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A Year Since Beti Bachao Beti Padhao Scheme, Has She Got Her Due?

With even school girls becoming victims of rape, has ‘Beti Bachao Beti Padhao’ done enough for the girl child?

Updated
Opinion
4 min read
A Year Since Beti Bachao Beti Padhao Scheme, Has She Got Her Due?

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Today marks the first anniversary of the ‘Beti Bachao Beti Padhao’ scheme. It was launched by the Modi government on 22 January 2015 in a bid to tackle India’s abysmally low child sex ratio. This article seeks to question if education for many young girls is still a tough battle given the rising instances of crimes against women.

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She was a young girl of 17 who had dreams of making it big. Every day she would walk to school in pursuit of her dreams. But little did she know that while the country may have embraced the ‘Beti Bachao Beti Padhao’ slogan to prevent female foeticide and educate the girl child, the conditions are far from conducive for most girls pursuing an education.

Every day lakhs of them face harassment on their way to school and back. And this teenage girl was one of the victims.

After three men began harassing and stalking her, the girl took her family into confidence and complained to the police. Her brother said the men would accost her and tell her to accompany them in their car or face abduction, rape and social ostracisation.

However, keen not to add to the crime chart, the police decided not to take action against the culprits.

The young girl ended her life in sheer frustration and fear.

(Photo: Reuters)
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Why Did the Police Not Act?

The police should have booked the accused under Section 354D of the Indian Penal Code. The provision has been introduced in the IPC by Parliament through the Criminal Law Amendment Bill 2013 to deal with harassment faced by women.

Stalking, under this law, is punishable with a three year sentence for the first offence and for five years for a subsequent offence. The law can be invoked against “any man who —

(i) follows a woman and contacts, or attempts to contact such woman to foster personal interaction repeatedly despite a clear indication of disinterest by such woman; or

(ii) monitors the use by a woman of the internet, email or any other form of electronic communication, commits the offence of stalking.”

The question remains why the police chose not to act on the girl’s complaint.

Every day lakhs of women face harassment on their way to school and back. (Photo: iStockphoto)
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Brushing Cases Under the Carpet

The answer probably lies in the warped manner the country looks at its crime graph and here the National Crime Records Bureau under the Union Ministry of Home Affairs is clearly to be blamed.

(Photo: iStockphoto)

Every year when the NCRB comes out with its crime report, it takes into account the number of complaints registered. This ultimately leads to a situation in which states, districts and police stations not registering reports are better placed on the graph. Honest cops who report and register cases of stalking are chastised for the high crime rate. There is a tendency among police personnel to not register crime to keep their books clean. Also, this saves them from a lot of investigation and court work.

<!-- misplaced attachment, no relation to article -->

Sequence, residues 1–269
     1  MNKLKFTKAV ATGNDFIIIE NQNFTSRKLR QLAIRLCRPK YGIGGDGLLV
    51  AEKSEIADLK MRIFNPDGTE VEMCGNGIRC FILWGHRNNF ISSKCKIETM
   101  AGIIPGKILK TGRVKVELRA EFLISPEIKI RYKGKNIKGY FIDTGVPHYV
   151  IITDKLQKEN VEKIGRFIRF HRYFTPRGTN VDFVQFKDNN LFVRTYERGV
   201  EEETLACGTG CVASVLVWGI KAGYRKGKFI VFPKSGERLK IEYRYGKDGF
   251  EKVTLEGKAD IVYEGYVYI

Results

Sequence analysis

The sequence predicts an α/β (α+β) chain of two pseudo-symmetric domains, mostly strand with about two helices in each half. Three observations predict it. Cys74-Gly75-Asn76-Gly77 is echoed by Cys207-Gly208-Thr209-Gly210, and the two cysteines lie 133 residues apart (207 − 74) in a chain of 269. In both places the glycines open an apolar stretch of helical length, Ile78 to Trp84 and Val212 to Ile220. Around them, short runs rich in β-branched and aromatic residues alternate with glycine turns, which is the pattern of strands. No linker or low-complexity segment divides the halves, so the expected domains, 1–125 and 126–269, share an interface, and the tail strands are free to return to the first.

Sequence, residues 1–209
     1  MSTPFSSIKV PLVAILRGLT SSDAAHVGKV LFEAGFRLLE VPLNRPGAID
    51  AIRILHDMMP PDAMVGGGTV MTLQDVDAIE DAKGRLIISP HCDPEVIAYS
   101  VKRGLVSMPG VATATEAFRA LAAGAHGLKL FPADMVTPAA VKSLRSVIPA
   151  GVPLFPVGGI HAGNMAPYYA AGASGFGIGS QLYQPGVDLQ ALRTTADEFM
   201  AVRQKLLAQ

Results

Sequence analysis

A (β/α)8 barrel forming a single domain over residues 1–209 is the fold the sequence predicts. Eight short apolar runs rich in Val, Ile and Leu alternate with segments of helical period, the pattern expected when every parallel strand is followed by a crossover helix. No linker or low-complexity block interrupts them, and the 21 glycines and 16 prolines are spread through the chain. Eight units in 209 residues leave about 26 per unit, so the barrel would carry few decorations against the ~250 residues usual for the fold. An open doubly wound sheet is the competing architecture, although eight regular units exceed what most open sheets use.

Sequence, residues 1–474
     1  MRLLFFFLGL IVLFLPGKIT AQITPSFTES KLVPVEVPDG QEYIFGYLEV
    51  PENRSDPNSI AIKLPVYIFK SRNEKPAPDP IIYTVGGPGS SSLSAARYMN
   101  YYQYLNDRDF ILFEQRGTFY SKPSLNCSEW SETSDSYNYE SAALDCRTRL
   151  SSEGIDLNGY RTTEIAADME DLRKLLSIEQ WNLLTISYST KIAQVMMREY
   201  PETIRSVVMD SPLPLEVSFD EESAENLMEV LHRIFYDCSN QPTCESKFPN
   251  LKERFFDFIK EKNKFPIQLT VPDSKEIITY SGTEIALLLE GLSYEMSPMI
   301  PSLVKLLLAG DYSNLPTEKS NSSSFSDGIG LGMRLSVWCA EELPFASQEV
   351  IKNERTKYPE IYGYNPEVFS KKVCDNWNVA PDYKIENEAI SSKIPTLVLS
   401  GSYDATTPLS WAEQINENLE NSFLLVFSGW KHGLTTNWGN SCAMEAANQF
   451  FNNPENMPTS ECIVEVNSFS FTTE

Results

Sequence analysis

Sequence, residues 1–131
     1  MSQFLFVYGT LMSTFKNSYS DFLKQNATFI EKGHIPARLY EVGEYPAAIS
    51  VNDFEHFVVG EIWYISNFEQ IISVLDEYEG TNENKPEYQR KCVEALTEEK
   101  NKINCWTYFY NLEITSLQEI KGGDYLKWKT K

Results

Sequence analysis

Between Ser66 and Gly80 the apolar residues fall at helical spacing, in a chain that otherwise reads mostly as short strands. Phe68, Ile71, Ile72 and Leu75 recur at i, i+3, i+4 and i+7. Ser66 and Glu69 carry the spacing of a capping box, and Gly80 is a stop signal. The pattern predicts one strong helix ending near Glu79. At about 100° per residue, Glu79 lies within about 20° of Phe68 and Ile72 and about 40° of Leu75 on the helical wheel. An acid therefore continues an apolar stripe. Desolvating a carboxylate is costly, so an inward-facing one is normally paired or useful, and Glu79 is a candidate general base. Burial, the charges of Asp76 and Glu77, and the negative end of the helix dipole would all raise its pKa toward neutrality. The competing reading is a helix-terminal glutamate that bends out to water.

With the courts also lenient in granting bails and paroles, the fear of the law is diminishing. (Photo: Reuters)

The media is also to be blamed for not questioning why arrests or conviction rates are made benchmarks.

In the absence of proper registration of cases, there is no empirical data in India on the actual number of cases of stalking and harassment. With the courts also lenient in granting bails and paroles, the fear of the law is diminishing.

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Need of the Hour

In August this year, a 16-year-old schoolgirl was allegedly abducted while she was waiting for her school bus in Gurgaon and taken in a van to Manesar by four of her classmates, who raped her there. All the accused happened to be juveniles and thus would get away without severe punishment.

(Photo: iStockphoto)

In another incident in Gurgaon, a student of Class IX was similarly abducted in an autorickshaw by the driver and three of her classmates and gang-raped in a secluded area. Her classmates again were all juveniles.

A court in Kashmir recently awarded death sentence for the abduction, gang-rape and brutal murder of a 13-year-old school girl in the Langate area eight years ago. The victim, a Class VIII student, was on her way back home from school when she was targeted. A bravery award was subsequently instituted in her name.

The need of the hour is not to merely institute awards, but to make the laws more stringent, the registration of complaints easier, the prosecution faster and justice speedier so that stalkers and rapists may think several times over before committing a crime, and if they do, it should be their last.

(The writer is a Delhi-based freelance journalist)

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